Tessa Hermes, assistant project manager and senior geologist with N3B subcontractor TerranearPMC, assesses excavation of contaminated soil near one of LANL’s Cold War-era underground explosives firing chambers. The site is part of N3B’s Southern External Boundary Campaign to clean up Lower Water Canyon. Courtesy photo
In a campaign involving several canyons impacted by historical weapons research and development at Los Alamos National Laboratory (LANL), environmental professionals with N3B Los Alamos have collected more than 3,100 soil samples and excavated more than 1,000 cubic yards of contaminated soil to ensure protection of human health and the environment.
The volume of soil excavated equates to about 4,000 55-gallon drums.
The project, known as the Southern External Boundary Campaign, is aimed at investigating and remediating land in LANL’s southernmost boundary, which borders Bandelier National Monument and a portion of Los Alamos County.
N3B addresses environmental impacts from Manhattan Project- and Cold War-era operations at LANL for the U.S. Department of Energy’s Environmental Management Los Alamos Field Office.
Crews have excavated old incinerators, septic systems and associated leach fields, as well as contaminated soil near underground firing chambers where high explosives and radioactive testing occurred in support of Cold War efforts.
Included in the campaign are Lower Water, Indio, Chaquehui, Potrillo, Fence, North Ancho and South Ancho canyons.
“In addition to prioritizing human and ecological health at the specific sites we’re remediating, we also consider the watersheds in each canyon,” said Nathan Canaris, a field execution technical lead in N3B’s Resource Conservation and Recovery Act Program. “We want to prevent any potential contamination from being washed into a watershed that leads to the Rio Grande — and we work to prevent contamination from making its way into groundwater. Protecting those resources is paramount.”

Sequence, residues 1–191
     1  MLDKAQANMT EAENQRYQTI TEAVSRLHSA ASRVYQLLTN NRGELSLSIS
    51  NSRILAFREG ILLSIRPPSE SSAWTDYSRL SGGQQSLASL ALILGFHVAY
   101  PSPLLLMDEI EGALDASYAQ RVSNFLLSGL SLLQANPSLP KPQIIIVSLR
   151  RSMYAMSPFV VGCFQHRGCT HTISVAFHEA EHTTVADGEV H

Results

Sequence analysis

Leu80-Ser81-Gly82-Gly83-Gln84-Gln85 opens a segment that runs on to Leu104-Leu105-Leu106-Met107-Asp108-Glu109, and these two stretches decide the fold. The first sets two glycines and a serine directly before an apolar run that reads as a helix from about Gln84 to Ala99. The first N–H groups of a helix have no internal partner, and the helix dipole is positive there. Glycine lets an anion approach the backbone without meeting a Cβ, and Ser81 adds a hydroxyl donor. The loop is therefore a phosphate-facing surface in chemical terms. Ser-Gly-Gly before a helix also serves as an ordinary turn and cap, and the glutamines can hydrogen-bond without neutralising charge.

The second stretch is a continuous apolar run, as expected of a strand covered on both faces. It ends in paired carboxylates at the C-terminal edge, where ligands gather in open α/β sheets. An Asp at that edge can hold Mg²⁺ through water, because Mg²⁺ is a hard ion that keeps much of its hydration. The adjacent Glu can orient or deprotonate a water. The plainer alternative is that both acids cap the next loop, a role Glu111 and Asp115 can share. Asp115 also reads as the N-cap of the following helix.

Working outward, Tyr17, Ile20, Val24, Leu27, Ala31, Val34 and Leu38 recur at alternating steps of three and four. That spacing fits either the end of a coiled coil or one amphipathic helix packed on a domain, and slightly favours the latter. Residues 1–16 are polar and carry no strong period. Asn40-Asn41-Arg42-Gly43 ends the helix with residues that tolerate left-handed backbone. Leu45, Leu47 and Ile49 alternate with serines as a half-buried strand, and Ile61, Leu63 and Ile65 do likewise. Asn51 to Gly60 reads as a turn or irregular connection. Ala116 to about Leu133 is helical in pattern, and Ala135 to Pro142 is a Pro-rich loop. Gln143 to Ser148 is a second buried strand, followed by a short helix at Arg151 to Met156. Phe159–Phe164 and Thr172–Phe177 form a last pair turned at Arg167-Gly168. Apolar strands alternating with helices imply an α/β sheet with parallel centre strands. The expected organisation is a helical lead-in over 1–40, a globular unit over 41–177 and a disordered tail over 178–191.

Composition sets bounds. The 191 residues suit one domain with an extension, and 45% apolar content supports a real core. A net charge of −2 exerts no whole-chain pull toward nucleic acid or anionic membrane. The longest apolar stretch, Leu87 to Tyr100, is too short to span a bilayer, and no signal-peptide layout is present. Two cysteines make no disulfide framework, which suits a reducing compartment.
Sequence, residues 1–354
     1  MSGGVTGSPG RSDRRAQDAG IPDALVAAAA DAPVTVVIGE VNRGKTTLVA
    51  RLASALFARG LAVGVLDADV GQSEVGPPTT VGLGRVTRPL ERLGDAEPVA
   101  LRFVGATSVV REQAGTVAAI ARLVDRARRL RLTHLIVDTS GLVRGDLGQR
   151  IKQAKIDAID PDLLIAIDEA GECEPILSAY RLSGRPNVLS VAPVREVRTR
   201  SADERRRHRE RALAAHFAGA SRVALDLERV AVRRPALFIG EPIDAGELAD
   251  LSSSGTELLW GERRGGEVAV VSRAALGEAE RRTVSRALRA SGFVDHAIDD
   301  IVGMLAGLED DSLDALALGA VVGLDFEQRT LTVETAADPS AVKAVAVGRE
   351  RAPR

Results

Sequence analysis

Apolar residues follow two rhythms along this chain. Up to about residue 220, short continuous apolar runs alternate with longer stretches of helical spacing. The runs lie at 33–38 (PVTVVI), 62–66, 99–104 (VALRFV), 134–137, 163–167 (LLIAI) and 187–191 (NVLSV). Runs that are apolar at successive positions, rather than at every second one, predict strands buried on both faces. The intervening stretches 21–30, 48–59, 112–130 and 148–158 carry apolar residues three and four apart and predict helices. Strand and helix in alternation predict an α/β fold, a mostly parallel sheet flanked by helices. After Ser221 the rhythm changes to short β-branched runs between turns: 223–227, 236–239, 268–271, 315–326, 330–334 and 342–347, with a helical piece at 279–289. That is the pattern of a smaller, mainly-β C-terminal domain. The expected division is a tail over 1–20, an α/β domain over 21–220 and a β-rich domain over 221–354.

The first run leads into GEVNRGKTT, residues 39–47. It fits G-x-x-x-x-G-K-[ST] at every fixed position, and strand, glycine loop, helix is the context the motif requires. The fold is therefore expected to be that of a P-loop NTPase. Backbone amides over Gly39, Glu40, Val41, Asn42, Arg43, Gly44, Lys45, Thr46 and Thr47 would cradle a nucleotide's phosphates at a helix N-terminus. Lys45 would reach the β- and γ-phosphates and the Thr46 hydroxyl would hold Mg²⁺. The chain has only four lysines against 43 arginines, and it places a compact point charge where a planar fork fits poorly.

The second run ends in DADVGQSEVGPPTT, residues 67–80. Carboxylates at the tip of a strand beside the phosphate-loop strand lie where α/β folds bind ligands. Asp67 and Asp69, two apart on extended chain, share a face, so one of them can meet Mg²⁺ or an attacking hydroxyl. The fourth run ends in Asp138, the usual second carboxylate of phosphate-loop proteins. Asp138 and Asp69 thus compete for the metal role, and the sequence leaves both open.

Cleanup at sites is considered complete once crews ensure, through extensive sampling and at times, excavation, that soil meets state environmental standards based on future land use scenarios. Depending on the site’s history, soil is sampled for a variety of contaminants, including metals, radionuclides, high explosives, and human-made chemicals known as volatile organic compounds, which are typically used in industrial solvents.
“Sampling in these canyons has been one of the most challenging aspects of the campaign due to the rugged terrain,” Canaris said. “At a lot of sites, we hike in with hand augers to collect soil samples because it’s too remote to bring in mechanized equipment.”
N3B has met nine Consent Order milestones associated with the Southern External Boundary Campaign, including three last month. The Consent Order is an enforceable agreement between the U.S. Department of Energy and the New Mexico Environment Department that guides N3B’s legacy environmental cleanup at LANL and establishes an effective structure for accomplishing cleanup on a priority basis.
More than half of the 2,100-plus potentially contaminated sites at LANL associated with historical operations and originally identified for investigation have been cleaned up. Areas range from small spill sites with a few cubic feet of contaminated soil to large landfills encompassing several acres.